images-1It seems hard to believe that the last Concorde flight occurred ten years ago today.  Unfortunately, it is unlikely to be replaced in the near future, as fuel costs are now the major constraint on travel, which remains economically infeasible.With routes from London and Paris to JFK and Washington Dulles, and Paris to Rio  via Dakar, and at its peak, joint service from London to Bahrain to Singapore, Concorde its mark with business travelers across the Atlantic, Middle East, and Asia.

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While today’s engines are more fuel efficient than in the 1970s when Concorde was introduced, their fans, used to achieve high bypass ratios and propulsive efficiency, are inappropriate for applications.  So today, we fly slower than we did nearly 38 years ago, when Concorde first entered service on January 21, 1976.

Concorde was a magnificent technical achievement at the time, when aviation was coming into a new era with the 747, L-1011 and DC-10 being introduced earlier in the decade, changing the nature of air travel.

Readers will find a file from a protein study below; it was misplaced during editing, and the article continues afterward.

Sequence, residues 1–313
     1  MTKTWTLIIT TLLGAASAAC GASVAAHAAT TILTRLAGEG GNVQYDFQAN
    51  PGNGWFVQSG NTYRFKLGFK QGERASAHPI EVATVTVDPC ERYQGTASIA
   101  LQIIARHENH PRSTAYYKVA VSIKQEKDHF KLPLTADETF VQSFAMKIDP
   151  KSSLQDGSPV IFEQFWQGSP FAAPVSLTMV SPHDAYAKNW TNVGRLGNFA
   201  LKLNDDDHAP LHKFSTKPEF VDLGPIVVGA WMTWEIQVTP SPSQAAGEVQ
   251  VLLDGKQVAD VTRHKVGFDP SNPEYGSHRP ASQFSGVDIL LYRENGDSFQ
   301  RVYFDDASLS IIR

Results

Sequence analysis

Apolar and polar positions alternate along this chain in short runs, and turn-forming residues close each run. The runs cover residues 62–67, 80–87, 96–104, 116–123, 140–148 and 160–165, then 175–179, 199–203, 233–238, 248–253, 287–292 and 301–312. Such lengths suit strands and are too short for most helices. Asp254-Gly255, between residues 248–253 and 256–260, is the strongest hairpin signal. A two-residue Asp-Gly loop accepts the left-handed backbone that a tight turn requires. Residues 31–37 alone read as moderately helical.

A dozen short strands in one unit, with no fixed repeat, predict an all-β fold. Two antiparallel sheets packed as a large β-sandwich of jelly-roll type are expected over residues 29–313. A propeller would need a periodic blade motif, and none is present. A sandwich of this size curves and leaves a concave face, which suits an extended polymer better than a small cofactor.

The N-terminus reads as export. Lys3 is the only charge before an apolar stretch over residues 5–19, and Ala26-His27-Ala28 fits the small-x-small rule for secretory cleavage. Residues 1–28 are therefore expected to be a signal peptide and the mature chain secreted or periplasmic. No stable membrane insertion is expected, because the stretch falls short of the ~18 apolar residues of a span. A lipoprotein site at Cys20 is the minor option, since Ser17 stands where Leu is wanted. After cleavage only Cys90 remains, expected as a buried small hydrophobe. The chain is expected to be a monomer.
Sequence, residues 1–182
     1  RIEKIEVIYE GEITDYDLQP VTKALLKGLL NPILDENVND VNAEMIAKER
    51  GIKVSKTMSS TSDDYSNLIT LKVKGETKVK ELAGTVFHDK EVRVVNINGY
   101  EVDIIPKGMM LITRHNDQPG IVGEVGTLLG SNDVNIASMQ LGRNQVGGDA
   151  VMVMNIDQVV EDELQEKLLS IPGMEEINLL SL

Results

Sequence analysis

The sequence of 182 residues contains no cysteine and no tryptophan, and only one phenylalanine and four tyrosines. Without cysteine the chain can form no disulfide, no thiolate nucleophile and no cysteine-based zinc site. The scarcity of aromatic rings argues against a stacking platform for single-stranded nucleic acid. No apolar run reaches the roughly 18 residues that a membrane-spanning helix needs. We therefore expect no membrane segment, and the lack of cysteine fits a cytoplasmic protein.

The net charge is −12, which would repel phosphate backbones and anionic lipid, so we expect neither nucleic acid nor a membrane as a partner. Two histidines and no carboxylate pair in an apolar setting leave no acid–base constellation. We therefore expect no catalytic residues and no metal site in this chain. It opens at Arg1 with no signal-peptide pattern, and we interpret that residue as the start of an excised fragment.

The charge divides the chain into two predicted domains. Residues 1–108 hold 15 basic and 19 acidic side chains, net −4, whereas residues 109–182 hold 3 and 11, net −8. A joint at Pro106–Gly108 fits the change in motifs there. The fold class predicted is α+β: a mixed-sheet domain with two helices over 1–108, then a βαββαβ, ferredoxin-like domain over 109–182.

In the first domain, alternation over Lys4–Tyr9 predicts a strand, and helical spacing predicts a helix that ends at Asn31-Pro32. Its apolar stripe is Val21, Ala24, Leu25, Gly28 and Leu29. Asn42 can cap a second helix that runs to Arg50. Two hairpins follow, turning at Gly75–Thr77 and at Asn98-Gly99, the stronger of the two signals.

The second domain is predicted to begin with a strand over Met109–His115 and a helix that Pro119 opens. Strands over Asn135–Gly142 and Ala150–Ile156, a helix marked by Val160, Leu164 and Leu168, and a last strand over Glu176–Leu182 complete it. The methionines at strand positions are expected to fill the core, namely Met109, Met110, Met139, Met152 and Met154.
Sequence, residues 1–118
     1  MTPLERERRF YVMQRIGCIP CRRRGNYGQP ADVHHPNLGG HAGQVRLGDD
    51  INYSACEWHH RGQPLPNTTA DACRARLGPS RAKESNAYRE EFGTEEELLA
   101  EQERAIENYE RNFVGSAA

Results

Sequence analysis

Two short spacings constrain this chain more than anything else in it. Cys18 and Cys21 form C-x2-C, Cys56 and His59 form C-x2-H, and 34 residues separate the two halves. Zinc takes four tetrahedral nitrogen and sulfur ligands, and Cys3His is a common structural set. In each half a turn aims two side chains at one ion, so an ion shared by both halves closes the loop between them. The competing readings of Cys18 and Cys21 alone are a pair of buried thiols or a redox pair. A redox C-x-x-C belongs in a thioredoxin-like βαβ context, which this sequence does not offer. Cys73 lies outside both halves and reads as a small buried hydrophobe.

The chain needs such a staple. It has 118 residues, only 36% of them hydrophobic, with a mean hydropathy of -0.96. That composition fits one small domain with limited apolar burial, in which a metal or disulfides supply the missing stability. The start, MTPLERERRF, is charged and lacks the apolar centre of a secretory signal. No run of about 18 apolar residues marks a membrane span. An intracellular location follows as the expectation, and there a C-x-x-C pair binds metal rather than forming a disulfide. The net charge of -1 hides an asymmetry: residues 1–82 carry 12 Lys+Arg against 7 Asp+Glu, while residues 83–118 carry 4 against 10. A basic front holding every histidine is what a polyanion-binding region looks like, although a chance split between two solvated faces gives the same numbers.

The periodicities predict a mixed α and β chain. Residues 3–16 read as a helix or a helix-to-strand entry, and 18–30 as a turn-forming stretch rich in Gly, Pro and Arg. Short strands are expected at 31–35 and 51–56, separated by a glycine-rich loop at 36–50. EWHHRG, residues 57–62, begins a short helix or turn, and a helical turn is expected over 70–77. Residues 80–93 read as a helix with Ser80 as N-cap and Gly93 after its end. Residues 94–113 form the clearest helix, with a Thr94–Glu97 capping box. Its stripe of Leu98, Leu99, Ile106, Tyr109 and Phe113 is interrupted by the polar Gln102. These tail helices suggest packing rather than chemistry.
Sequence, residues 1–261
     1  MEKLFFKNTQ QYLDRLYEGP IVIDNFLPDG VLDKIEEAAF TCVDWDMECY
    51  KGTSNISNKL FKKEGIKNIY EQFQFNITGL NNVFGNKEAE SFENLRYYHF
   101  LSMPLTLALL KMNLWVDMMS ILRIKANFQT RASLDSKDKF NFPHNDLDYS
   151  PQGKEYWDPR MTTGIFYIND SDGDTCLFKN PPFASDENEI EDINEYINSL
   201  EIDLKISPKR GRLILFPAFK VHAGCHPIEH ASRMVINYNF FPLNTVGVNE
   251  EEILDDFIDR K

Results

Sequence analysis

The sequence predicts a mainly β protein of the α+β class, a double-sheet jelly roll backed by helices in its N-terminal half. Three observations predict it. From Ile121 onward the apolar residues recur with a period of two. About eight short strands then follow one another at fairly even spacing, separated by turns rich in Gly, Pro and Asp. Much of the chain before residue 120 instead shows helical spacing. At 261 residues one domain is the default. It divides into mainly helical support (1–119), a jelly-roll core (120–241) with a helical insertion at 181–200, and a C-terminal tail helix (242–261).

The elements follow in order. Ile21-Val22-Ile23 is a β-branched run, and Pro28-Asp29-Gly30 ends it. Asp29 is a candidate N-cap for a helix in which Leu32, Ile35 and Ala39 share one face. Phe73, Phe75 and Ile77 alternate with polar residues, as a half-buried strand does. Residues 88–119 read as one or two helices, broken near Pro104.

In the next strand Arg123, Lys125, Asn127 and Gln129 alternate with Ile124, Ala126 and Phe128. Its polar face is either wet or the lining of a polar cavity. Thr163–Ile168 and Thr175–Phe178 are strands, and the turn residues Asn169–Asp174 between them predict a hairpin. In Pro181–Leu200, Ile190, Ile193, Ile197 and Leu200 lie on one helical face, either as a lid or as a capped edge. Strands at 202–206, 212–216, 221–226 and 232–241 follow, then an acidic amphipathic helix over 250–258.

Concorde took a different direction, and since speed is the fundamental reason we fly, was an immediate hit with those who could afford the high airfares – business travelers.  Yes, the interior was tight – but the time savings were fantastic.  I remember a day in which I had an 8am breakfast meeting in Paris, caught the 11am Concorde for New York, arrived at 8:30am EST, had another full 3 hour morning meeting, and caught the noon shuttle for a meeting in Boston for 3 hours that same afternoon.  I simply couldn’t do that today with the same productivity, unless the meeting was virtual.  There are still meetings that can’t be accomplished by video-conferencing, and it is difficult to build relationships through a computer screen or television monitor.

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I have fond memories of my multiple Concorde flights, my fastest a 3:21 trip from NY to London on British Airways and a 3:23 from JFK to Paris on Air France.  The world has certainly changed when it comes to travel, but between new security requirements, slower planes, and different attitudes towards customer service, I can’t really say that we’ve changed for the better.  Concorde, I miss you.

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